Wacky Packages, the hilarious and sharply illustrated trading cards which parody popular American consumer goods, celebrate their 45th year in existence this month. Produced by the Topps Chewing Gum company, best known for their sports card lines, especially the Baseball series, Wacky Packages remains, a popular favorite to this day.
The cards skewer everything from Rice-A-Roni, (dubbed Rice-A-Phony), Cheerio’s (dubbed Cheapio’s), Minute Rice (dubbed Minute Lice), Kool-Aid (dubbed Kook Aid), and even itself (dubbed Wormy Packages). The series also takes on cigarette ads, magazines, fast food, home cleaning products, and everything in between. The original series sets are highly collectible, and the cards remain valuable and nice individual works of art as well. The comedy style applied to the sets are of the Mad Magazine and National Lampoon humor mold and always hilarious and spot on with its uproarious take on the original products.
They debuted as a die cut card set originally back in 1967, and were illustrated by luminaries in the illustration world such as Kim Dietch and Art Spiegelman (Pulitzer Prize winner for Maus) and ex-DC artist George Evans as the years and the series went on. Each illustration was done extremely meticulously in a way, but yet with a tongue firmly in cheek, keeping it with the strange cocktail of being weird, zany and funny, yet quasi-realistic when compared to the genuine article product it was parodying. The original set was created mainly by Spiegelman and painted by staff artist Norman Saunders. Two years later they were revamped in a Wacky Ads series, in which advertisements on Billboards became the subject of the parody. It also spawned one of the few law suits ever filed against Topps after its release, by the makers of the Good and Plenty candy line, who were less than thrilled to see a card in the set which was titled “Good and Empty.” The card was removed from the initial release.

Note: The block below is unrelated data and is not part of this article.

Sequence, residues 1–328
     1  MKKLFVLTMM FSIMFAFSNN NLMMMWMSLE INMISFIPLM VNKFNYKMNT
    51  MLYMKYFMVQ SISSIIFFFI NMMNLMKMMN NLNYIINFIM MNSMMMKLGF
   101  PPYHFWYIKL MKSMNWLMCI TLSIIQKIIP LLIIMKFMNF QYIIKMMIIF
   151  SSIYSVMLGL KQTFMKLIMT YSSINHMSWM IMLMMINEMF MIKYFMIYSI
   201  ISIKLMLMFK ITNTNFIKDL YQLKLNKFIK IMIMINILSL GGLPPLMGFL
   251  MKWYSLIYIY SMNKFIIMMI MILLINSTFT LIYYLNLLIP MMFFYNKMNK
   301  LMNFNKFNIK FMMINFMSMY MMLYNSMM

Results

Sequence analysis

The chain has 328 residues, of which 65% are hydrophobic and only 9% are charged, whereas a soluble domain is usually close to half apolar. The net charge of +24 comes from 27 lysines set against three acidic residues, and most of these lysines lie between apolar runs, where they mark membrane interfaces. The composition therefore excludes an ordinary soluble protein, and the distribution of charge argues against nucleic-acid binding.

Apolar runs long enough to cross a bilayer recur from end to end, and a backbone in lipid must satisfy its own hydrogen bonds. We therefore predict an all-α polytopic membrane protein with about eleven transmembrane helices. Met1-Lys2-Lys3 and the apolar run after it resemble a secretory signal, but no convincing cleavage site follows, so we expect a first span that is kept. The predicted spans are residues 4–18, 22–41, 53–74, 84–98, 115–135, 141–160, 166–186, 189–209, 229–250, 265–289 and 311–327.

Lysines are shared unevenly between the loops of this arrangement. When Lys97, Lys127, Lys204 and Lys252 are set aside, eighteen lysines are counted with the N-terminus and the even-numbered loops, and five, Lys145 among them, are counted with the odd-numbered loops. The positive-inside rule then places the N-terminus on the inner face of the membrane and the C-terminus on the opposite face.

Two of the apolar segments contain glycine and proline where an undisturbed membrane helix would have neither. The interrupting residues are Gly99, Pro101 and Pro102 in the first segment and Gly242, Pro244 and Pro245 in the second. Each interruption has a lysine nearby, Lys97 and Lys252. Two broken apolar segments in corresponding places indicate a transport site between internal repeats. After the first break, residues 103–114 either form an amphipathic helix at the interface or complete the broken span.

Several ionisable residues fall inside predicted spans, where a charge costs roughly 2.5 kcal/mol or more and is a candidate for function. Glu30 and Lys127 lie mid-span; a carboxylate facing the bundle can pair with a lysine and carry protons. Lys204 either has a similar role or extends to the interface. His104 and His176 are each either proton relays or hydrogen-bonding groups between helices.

By 1973, they became stickers, with a checklist included, and some backs resembling a puzzle piece which made up a big sized version of one Wacky Pack parody of a product. This series ran for 3 years. In years to follow, reprints and even a sticker book version of the series was rolled off the assembly line by Topps. A revamp of the series in the mid-1980s and 1991 proved much less successful. When the cards made their return in 2004 however, they found a new success and generation and a new lease on life, as to this day cards and series sets are still being mass produced around the 50 States. The series has also seen spinoffs, in which posters and post cards were produced and there has been merchandising also of the series, via T-shirts, and books, graphics, stuffed oversized plush versions of some of the parody products and even erasers, all which sport the Wacky Packages licensed logo. Even Wonder Bread used to include stickers within its loaf bags, and they were also extremely successful, spawning their own series sets as well.
So here’s to 45 years of Wacky Packages, the fun, scathing, well drawn and wittily done stickers and cards sets, which kept generations of youth retaining a rather jaundiced yet sharp eye in regards to consumerism in America, and how ludicrous and tacky, outlandish and wacky the big businesses who make the real packaging certainly are and can be, underneath.